Advice Sessions: Telling Your Story
We’re back again sharing the second week of our filmmaker advice sessions! One of the great benefits to a hybrid festival in 2021 was that we were able to stay in touch online, even as pandemic restrictions ease. This year we caught up with 30 of our filmmakers with Instagram live interviews to talk about their films, their process, and advice they’ve received while starting their careers. This is the second of 4 installments, in which we’ll be sharing their advice with all of you to get you on your way to making your next short film.
A story that’s close to home
Many filmmakers have spoken about their closeness to the subject matter of their films. For Zoe Lyttle, creator of SHOTS, chronic illness is a very personal subject and, through making her film, she found a community of people in the United States who share similar experiences and challenges of living with Type 1 diabetes under the US healthcare system . She explains that “it’s something I’ve been around my entire life and I’ve been part of the community my entire life [...] It really brought everything to light around illness, especially in the United States”. She describes how she “felt the need to just share the story now,” and this desire to shed light on a subject that is personal to her but also shared by many results in an authentic and confronting piece of filmmaking.
Mickey Lai, director of The Cloud is Still There, drew inspiration for her experience of discovering Christianity and the family tensions that developed as a result. She explains; “when I was a kid I saw all these rituals and witnessed these rituals, but then when I was sixteen years old I converted to Christianity and then somehow the relationship between me and my family, there was a conflict. So this is my first short film and I wanted to tell a story that was really close to me.”
The specificity and intensity of this shift is depicted so thoughtfully in The Cloud is Still There, really drawing out the details of religious and family disputes, the areas of separation and of overlap. The way Mickey Lai shows the climactic scene of prayer masterfully blends the supposedly opposing religions into a unified prayer cry. The attention to this religious closeness comes from her understanding of the subject matter and the importance of the story to her. The film is a testament to thoughtful and personal storytelling.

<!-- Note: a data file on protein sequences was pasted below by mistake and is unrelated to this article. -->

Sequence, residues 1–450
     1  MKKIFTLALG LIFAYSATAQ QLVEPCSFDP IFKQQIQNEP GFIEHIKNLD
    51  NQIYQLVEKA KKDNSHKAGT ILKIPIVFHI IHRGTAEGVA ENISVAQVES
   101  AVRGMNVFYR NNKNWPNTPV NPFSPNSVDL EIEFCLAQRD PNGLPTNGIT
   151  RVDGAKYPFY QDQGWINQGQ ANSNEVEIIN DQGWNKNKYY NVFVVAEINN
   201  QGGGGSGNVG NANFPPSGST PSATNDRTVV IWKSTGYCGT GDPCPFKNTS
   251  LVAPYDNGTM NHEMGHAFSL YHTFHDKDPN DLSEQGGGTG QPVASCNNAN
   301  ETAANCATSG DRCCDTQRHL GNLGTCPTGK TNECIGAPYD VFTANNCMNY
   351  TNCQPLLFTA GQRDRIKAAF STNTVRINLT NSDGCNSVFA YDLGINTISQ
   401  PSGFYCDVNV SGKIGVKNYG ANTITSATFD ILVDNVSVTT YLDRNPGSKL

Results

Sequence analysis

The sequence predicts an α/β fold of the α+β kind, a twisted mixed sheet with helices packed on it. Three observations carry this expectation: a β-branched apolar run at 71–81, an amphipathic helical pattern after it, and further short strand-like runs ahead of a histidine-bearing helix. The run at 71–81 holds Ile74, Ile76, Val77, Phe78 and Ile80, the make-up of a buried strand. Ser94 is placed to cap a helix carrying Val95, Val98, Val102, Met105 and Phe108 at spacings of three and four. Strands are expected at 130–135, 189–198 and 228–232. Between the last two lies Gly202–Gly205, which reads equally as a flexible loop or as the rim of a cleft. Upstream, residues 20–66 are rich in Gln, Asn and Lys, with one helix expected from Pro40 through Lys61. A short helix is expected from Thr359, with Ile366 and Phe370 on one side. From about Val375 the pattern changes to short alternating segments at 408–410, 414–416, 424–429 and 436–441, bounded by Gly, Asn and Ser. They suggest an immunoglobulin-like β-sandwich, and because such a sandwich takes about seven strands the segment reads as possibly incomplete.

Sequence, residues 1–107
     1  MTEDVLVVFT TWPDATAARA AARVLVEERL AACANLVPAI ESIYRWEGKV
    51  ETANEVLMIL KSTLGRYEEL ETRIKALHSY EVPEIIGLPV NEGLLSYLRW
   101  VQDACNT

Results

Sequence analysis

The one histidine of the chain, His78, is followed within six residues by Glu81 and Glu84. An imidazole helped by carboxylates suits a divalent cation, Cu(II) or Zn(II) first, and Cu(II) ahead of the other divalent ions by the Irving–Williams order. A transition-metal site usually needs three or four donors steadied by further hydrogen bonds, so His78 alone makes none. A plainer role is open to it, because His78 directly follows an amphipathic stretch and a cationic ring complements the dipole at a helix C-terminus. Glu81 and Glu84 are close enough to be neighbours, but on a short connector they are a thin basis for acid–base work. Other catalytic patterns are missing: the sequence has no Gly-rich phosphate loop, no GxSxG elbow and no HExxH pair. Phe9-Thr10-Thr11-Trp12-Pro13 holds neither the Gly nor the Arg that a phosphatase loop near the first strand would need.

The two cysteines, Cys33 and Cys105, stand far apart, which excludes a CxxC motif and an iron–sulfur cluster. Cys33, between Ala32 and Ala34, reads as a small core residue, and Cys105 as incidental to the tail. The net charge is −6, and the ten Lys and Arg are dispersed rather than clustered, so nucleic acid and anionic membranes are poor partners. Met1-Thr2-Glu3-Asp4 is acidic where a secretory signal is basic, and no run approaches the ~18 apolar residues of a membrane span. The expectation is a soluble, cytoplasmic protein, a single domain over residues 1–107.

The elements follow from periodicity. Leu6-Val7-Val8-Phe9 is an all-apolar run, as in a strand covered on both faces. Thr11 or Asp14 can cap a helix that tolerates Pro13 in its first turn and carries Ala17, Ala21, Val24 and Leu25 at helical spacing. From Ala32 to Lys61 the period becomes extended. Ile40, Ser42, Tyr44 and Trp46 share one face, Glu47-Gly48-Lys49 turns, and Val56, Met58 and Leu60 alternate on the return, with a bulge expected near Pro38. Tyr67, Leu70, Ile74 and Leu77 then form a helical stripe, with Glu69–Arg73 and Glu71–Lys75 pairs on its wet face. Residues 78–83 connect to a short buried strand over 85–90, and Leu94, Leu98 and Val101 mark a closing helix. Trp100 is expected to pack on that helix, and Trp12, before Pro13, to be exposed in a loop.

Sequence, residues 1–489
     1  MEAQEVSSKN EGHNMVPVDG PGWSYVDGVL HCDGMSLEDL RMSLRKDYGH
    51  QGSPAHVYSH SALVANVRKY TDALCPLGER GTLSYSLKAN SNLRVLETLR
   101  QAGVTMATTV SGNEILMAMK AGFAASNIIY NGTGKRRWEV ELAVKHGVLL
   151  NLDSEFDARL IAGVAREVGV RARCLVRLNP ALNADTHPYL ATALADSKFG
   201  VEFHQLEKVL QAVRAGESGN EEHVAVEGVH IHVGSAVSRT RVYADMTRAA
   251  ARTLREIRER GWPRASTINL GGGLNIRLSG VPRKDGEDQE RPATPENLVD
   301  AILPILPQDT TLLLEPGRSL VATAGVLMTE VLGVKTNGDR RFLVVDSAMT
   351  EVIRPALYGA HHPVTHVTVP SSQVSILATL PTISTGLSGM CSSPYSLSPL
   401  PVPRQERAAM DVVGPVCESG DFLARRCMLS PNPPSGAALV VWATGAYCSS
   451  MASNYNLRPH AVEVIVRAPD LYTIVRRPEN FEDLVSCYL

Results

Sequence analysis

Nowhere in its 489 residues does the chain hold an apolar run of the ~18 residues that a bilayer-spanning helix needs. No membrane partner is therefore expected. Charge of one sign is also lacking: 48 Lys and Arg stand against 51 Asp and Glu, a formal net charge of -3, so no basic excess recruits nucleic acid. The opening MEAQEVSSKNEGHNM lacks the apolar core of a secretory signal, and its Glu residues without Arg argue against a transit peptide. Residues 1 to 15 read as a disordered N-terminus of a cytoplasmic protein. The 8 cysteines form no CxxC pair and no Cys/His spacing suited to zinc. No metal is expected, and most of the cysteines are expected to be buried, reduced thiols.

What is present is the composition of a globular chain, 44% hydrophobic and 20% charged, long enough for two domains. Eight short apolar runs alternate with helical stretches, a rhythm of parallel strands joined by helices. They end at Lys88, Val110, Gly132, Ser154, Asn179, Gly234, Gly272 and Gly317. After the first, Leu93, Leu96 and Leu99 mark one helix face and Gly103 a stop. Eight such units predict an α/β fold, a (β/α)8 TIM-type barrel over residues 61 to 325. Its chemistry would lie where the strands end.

Jeanine B Frost, director of Mors Dag, gave a fascinating account of how she surpassed challenges to her film proposal. She described how “There was a lot of resistance at the beginning from the faculty and from the selection committee for thesis projects. And there was one woman on the committee who went to bat for me”. She was so certain that this was the story she wanted to tell, that she continued to fight for it until it was approved.
As something close to her heart, she knew she could open up conversations and present her perspective. She advises other filmmakers facing similar barriers to “[Stick] to the story you want to tell because there is an audience out there for all of them as we know now! There’s such a wide, wide plethora of stories, which is incredible. Everyone can get heard.” Thanks to Jeanine’s resilience, Mors Dag exists as a complex depiction of a mother dealing with the trauma of losing a baby. Despite this being unlike anything usually produced as part of her thesis programme, she was determined to tell this important story, something that will resonate with so many people.
So much can be gained from trusting your idea and going ahead with the process. Your unique voice and perspective guides your filmmaking, and telling stories from a place of lived experience, authenticity and integrity and humility can lead to the kind of filmmaking that makes us feel, change our minds, and calls us to action.